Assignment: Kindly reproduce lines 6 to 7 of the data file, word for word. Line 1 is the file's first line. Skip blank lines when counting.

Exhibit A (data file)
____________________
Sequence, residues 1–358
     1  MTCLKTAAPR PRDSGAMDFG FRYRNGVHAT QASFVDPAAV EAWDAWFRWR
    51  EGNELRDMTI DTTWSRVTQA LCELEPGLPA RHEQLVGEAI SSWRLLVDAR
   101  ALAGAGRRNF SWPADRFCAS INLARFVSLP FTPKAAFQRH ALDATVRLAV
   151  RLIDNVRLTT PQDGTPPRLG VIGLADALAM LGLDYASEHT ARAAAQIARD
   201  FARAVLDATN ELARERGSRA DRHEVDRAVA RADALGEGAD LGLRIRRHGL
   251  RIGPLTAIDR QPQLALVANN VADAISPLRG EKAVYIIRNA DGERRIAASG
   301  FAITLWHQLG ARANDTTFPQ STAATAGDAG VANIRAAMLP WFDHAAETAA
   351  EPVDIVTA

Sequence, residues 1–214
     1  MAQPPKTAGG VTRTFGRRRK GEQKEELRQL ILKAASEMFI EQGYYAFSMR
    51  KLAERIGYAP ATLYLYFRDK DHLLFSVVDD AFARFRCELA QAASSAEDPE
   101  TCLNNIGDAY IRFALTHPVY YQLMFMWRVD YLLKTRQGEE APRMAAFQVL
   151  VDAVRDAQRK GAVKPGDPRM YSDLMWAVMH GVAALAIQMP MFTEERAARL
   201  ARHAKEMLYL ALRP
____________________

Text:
   201  FARAVLDATN ELARERGSRA DRHEVDRAVA RADALGEGAD LGLRIRRHGL
   251  RIGPLTAIDR QPQLALVANN VADAISPLRG EKAVYIIRNA DGERRIAASG